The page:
Later, Dave
    Rock Till Ya Drop

  7. #7

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    I have to agree with Dave. A moniter makes quite a difference. Also, record yourselves playing live at what you would consider a "normal" size gig from about 20 feet in front of the band using 1 mic. He will hear firsthand that he is playing too loud. You can't tell from behind the kit.

    I use both electronic and acoustic drums. Electronic for the small venues, acoustic for the large or outdoor gigs. We are always complimented on the fact that we are not too loud for social gatherings.

    Maybe he just does'nt have the "feel" of the songs, so he just beats them out. Some people just don't get that volume is a technique that is vital to playing good music. Half the bands out there never would have made it if the drummer pounded the skins on every single song. The only way to fix that noise issue would be electronics.

    On the opposite end, how do you get a rythem guitarist to turn it up?!?!? I'm ready to crank his amp and pull the volume knob off so he can't turn it down!!! Would that be the wrong thing to do?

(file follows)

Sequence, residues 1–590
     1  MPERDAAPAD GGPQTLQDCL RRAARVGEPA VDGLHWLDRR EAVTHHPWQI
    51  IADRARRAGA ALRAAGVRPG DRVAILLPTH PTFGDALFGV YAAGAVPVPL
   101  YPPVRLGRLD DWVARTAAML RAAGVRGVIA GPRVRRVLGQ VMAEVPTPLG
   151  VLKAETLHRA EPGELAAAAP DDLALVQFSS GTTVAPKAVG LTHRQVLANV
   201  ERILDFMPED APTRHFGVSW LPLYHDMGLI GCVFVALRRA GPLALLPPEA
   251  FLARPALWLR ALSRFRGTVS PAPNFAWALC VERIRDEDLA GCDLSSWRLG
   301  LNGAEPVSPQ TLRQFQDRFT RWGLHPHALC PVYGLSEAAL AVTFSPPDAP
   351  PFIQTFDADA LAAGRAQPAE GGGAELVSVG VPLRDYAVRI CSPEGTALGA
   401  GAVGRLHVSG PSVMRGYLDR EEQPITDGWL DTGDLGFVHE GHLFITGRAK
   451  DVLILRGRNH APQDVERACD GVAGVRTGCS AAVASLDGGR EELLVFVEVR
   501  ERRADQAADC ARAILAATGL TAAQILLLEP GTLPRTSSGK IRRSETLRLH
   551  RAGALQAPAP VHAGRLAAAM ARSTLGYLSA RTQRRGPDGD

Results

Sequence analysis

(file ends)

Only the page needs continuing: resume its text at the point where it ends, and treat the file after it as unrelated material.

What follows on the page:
Da' Bum
    Rockin' the beat for fadedblue
    Slappin' the skins for Willow Tree
    Kickin' the bass for Olde Youth
    http://www.facebook.com/fadedbluemusic
    http://www.facebook.com/willowtreebandpdx
    DW Performance 5 pc. in White Marine Pearl
    Pearl ELX 7 pc. in Black Burst
    1972 Pearl Deluxe Custom 5 pc. in blue sparkle
    KAT KT-3

  8. #8

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    Your so right about rythem guitarists. I'm standing right next to his amp, and still can't here him half the time. Would a dynamic or condenser mic be better for recording? We did record once from the mixer, but since the drums weren't miked, we couldn't hear him at all.